Archive for the ‘Book Distribution’ Category

To Book Publishers (Traditional & Self) Who Just Don’t Get It

Tuesday, December 22nd, 2009

In reading a response to a discussion I started on a writer’s group on LinkedIn, I was struck with the thought that it isn’t just self-publishers who need to pay attention to the quality of their products. Some very big names are guilty of foisting-off crap.

The kind of food you'll find at Cracker Barrel.

Recently I visited a Cracker Barrel Restaurant with my wife. For those who may not be familiar with Cracker Barrel, it serves southern style comfort food at reasonable prices. We like to go there when we just want foody-food. Nothing fancy.  No cooking with exotic spices like saffron or curry. On the menu will be dishes like meatloaf, country fried steak, and catfish. You can choose your sides from a menu that includes fried okra, turnip greens, and corn. For desert there are various cobblers, pie, and ice-cream. Yum.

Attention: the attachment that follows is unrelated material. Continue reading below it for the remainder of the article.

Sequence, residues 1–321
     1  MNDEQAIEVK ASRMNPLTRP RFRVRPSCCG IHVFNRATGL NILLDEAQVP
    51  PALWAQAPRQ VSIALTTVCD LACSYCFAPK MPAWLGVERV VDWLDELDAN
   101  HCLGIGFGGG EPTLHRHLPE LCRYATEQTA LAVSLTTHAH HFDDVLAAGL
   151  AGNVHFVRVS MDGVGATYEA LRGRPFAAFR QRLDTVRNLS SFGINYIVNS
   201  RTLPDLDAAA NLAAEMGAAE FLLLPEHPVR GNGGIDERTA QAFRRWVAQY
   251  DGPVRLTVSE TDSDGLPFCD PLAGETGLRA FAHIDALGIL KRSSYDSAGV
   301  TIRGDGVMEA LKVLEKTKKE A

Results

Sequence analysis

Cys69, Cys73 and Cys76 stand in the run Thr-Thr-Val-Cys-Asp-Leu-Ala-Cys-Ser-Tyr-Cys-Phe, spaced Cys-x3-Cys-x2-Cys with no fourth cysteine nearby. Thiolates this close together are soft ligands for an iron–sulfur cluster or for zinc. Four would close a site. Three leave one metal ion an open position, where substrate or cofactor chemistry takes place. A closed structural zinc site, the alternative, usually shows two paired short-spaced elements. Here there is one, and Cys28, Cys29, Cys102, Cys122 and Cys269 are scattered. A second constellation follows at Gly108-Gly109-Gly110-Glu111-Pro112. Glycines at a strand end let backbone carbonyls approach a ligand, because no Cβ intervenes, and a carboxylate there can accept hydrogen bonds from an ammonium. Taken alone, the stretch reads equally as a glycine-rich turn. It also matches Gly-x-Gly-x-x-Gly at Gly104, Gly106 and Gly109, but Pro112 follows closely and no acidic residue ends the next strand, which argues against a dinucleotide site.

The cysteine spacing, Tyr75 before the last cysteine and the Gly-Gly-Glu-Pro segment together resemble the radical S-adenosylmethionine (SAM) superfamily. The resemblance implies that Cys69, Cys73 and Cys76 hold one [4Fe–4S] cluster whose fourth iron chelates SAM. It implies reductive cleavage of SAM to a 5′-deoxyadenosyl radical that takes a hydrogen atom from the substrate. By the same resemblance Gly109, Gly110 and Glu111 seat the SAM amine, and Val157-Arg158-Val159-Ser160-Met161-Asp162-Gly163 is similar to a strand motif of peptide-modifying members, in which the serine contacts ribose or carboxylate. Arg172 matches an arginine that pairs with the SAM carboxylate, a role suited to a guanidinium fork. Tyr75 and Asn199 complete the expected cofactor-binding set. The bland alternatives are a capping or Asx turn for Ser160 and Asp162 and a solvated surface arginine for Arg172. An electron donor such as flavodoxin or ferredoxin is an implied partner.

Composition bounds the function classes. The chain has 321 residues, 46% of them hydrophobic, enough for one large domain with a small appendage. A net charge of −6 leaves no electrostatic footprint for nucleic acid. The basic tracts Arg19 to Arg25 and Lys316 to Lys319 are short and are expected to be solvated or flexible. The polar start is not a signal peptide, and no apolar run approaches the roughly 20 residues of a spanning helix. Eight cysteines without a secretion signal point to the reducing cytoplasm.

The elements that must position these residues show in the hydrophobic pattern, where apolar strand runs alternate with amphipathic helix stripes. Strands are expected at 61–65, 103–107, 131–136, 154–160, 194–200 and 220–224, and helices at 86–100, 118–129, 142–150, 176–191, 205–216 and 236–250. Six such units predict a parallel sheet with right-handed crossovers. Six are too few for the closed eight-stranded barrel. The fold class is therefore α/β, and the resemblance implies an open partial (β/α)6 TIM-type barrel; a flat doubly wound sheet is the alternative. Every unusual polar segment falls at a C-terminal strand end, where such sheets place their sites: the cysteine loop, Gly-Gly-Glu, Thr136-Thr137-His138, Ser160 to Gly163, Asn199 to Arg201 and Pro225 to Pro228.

Before you get to the restaurant part of the place you have to wend your way through kitschy collections of merchandise that change with the season. My wife loves to peruse their tables of nick-knacks, music boxes, and stuffed animals. Now, as I am writing this it is three days from Christmas, so they were all decked out in a torrent of red and green. Santas and gift items were stacked nearly ceiling high. My eye caught an illustrated book of The Night Before Christmas. The illustrations were beautiful. I wish I could say the same for the book. The workmanship, especially on the cover was a disaster. Both covers, front and back, bowed outward from the spine. It was not only ugly, but made it impossible for the book to lay flat on a table. Here was a book that I wanted to buy, wanted to take home and treasure, wanted to read it to future grandchildren, but I couldn’t get past the cover. This was not an heirloom piece; it was a piece of carnival crap. I looked at the spine and was surprised to see that Simon & Schuster allowed this mess to go out under their banner.